Zhou, P. Han, X. Morariu, V.I. Davis L.S. 2018. Learning Rich Features for Image Manipulation Detection. Proceedings of the IEEE Conference on Computer Vision and Pattern Recognition (CVPR). 1053-1061.
Strong paper with strong list of citations. Separate convolutions for RGB and noise level seem to work together very well. This paper talks about how they had issues with finding good enough datasets and how they overcame this problem by creating a pre trained model from the Microsoft COCO dataset. The noise stream approach is especially interesting. The filters used in the convulsions are given which can be used directly or slightly modified for comparison and perhaps enhancement of the method. The results section of this unlike the previous pitch is very thorough and shows how the RGB and noise level approach compliment each other. My goal would be to enhance the noise approach model until it can identify manipulation independent from the RGB stream. The noise level detection seems to be almost complete on its own and stripping the RGB stream and the comparison between the two would decrease the computation resources required for the method extensively.
Bayram, S. Avcibas, I. Sankur, B. Memon, N. 2006. Image manipulation detection. J. Electronic Imaging, 15.
This paper is a lot more technical than Zhou et al (source #1). Source #1 above seems to be more focused on if more content was added or if content was removed from an image while this paper also focuses on if the original photo is still with the same content but slightly manipulated. Very strong results along with thorough graphs are included for comparison between methods. Five different forensic approaches are compared in this paper which all five need to be separately researched to be able to apply the actual method (or only the best performing one in the results section of the paper). My goal would be to find what makes each approach do better than others and take only the best parts of each approach and somehow mix them together.
Bayar, B. Stamm M.C 2016. A Deep Learning Approach to Universal Image Manipulation Detection Using a New Convolutional Layer. In Proceedings of the 4th ACM Workshop on Information Hiding and Multimedia Security (IH&MMSec ’16). Association for Computing Machinery, New York, NY, USA, 5–10.
This paper does a great analysis of what different convolutional neural network methods are which ones could be used for maximum optimization in image manipulation and forgery detection. The datasets used are a massive collection of images with more than 80000 images (all publicly available on their github page) which would be very helpful for my project if I were to choose this pitch. The two sets of results for binary classification and multi-class classification approach both get very impressive results with the binary classification getting a minimum of 99.31% accuracy. This paper’s unique approach is to remove the need for detecting the content of the image and directly attempting to detect manipulation with no pre-processing.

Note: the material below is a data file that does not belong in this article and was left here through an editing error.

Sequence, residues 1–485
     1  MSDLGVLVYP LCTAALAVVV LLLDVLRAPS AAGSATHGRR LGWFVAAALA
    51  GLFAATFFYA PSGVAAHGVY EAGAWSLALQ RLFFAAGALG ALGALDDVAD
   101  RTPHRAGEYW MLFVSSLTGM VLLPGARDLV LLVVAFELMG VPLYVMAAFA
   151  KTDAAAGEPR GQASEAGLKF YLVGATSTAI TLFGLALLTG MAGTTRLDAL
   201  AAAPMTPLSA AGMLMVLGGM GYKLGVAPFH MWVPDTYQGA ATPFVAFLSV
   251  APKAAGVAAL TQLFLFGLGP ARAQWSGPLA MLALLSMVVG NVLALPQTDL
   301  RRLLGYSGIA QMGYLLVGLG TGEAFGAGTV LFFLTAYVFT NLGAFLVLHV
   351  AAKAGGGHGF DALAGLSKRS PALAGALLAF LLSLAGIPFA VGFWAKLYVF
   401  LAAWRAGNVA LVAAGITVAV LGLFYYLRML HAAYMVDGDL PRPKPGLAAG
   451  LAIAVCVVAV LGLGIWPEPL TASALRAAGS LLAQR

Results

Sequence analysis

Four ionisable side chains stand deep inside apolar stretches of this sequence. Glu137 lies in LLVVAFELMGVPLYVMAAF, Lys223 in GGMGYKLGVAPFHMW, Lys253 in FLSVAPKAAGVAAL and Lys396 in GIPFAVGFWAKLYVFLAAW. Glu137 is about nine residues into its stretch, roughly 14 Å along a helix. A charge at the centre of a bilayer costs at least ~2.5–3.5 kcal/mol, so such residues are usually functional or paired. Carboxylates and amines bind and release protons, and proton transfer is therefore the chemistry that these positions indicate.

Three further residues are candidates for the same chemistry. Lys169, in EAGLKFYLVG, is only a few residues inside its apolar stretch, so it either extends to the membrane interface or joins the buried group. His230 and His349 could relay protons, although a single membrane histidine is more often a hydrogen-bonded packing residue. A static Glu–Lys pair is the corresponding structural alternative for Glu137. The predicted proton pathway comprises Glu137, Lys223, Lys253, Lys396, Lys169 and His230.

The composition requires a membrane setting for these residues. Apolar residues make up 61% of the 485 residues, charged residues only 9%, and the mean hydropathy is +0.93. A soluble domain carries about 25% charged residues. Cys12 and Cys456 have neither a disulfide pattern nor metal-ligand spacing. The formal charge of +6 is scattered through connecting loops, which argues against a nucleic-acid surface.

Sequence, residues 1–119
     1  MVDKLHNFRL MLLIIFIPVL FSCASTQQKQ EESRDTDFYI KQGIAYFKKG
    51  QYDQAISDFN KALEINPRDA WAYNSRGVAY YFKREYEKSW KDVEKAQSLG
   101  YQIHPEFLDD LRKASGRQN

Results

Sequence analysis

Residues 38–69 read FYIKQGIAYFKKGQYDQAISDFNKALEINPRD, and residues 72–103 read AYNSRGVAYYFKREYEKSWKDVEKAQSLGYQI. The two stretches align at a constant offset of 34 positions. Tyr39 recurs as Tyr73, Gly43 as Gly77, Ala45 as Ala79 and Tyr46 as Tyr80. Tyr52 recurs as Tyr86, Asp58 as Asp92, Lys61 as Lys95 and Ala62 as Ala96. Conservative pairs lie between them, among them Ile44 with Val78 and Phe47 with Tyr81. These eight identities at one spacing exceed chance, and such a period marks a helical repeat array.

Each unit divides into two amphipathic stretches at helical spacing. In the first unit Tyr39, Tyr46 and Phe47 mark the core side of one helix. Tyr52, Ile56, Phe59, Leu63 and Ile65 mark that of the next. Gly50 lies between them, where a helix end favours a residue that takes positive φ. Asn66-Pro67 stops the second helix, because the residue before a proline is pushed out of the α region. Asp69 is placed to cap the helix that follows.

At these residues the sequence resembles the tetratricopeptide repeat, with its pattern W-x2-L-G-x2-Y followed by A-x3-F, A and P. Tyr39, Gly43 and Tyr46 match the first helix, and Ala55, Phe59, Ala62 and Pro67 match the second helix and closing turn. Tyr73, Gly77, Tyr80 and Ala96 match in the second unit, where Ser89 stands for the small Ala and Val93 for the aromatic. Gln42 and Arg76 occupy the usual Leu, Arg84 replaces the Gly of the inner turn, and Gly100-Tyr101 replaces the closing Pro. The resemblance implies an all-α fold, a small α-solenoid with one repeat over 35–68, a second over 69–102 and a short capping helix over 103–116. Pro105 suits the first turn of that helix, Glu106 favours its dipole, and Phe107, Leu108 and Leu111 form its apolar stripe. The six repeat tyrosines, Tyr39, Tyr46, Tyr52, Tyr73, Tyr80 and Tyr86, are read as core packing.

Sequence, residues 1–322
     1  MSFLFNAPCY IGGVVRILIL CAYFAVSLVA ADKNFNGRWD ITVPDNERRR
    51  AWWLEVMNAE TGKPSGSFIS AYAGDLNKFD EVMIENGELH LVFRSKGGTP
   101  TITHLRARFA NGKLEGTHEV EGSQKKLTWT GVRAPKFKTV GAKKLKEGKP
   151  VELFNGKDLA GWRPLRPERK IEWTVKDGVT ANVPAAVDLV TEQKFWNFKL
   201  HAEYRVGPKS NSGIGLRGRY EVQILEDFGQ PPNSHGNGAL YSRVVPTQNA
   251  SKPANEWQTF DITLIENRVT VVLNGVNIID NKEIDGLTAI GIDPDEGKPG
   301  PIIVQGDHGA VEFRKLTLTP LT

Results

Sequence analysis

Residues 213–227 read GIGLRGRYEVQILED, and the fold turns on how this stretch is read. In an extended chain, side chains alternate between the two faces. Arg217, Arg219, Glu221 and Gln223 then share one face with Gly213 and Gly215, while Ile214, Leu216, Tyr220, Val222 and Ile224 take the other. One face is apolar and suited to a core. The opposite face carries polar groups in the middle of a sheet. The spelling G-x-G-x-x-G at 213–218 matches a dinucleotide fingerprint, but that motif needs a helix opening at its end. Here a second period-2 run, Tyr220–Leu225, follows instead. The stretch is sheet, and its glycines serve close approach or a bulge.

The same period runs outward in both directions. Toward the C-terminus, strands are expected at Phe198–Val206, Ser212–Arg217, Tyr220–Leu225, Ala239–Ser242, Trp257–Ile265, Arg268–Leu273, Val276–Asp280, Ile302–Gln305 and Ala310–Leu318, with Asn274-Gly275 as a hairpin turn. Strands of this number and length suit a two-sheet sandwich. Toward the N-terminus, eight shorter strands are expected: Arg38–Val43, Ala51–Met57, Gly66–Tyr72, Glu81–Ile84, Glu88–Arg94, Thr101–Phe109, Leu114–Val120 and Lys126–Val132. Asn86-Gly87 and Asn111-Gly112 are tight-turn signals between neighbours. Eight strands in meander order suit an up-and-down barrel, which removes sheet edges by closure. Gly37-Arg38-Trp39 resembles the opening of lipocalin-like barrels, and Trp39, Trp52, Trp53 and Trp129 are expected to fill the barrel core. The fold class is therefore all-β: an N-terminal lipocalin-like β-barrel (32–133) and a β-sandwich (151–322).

Radiology disease detection
Trained neural networks for detecting radiology abnormalities and diseases have reached a level that can easily compete with a human radiologists. For this project I will be using neural network libraries to detect different abnormalities. There are very different field that this can apply to such as: Brain tumor detection, breast cancer detection, endoscopic, colonoscopy, CT/MRI, oncology, etc. There are countless datasets and different approaches available for a project such as this one which leaves gives me the opportunity to compare and contrast different variations of them. This is a very rich field with a lot of previous work and published papers to explore.
Liu, Y. Kohlberger, T. Norouzi, M. Dahl, G.E. Smith, J.L. Mohtashamian, A. Olson, N. Peng, L.H. Hipp, J.D. Stumpe, M.C. 2019. Artificial Intelligence–Based Breast Cancer Nodal Metastasis Detection: Insights Into the Black Box for Pathologists. Arch Pathol Lab, 143 (7). 859–868.
A lot of medical terms used in this paper which helped me understand the field better by looking them up. Examples are: LYNA, Sentinel Lymph node, metastatic, etc. This paper is different from the other sources since the sources below (especially the brain tumor one: source #3) are all focused finding tumor in a specific place, while this paper is focused on finding out if cancer has spread to other places such as lymph nodes (that’s what metastatic means). Detecting if cancer has spread seems to me a better real life application of deep learning radiology and potentially might affect the final version of this pitch. More than one good datasets are mentioned in this paper which can be used in this pitch. This includes the Camelyon16 dataset from 399 patients. Additionally there is a newer Camelyon17 dataset available. This paper comes incredibly close to the Camelyon16 winner which could also be a good source to check out. Strong list of references which includes papers about using deep networks to detect skin cancer. Some of the authors of this paper have other papers that contribute to the field even further. (interesting fact, somehow a lot of the authors of this paper and the ones in the references list are from my country)
Manogaran, G. Shakeel, P. M. Hassanein, A. S. Kumar, P.M. Babu G.C. 2019. Machine Learning Approach-Based Gamma Distribution for Brain Tumor Detection and Data Sample Imbalance Analysis. IEEE Access, 7. 12-19.